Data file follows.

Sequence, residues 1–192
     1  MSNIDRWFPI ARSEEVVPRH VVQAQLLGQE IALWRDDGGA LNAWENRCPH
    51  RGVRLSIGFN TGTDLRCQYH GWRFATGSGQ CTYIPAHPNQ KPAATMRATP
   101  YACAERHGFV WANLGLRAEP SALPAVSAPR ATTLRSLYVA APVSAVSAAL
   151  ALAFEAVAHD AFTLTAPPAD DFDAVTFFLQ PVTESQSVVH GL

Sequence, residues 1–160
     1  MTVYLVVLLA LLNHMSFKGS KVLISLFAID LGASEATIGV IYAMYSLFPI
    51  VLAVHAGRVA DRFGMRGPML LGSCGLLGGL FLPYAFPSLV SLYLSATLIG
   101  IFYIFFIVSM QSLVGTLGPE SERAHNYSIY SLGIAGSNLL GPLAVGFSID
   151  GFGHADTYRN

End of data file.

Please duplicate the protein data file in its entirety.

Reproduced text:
Sequence, residues 1–192
     1  MSNIDRWFPI ARSEEVVPRH VVQAQLLGQE IALWRDDGGA LNAWENRCPH
    51  RGVRLSIGFN TGTDLRCQYH GWRFATGSGQ CTYIPAHPNQ KPAATMRATP
   101  YACAERHGFV WANLGLRAEP SALPAVSAPR ATTLRSLYVA APVSAVSAAL
   151  ALAFEAVAHD AFTLTAPPAD DFDAVTFFLQ PVTESQSVVH GL

Sequence, residues 1–160
     1  MTVYLVVLLA LLNHMSFKGS KVLISLFAID LGASEATIGV IYAMYSLFPI
    51  VLAVHAGRVA DRFGMRGPML LGSCGLLGGL FLPYAFPSLV SLYLSATLIG
   101  IFYIFFIVSM QSLVGTLGPE SERAHNYSIY SLGIAGSNLL GPLAVGFSID
   151  GFGHADTYRN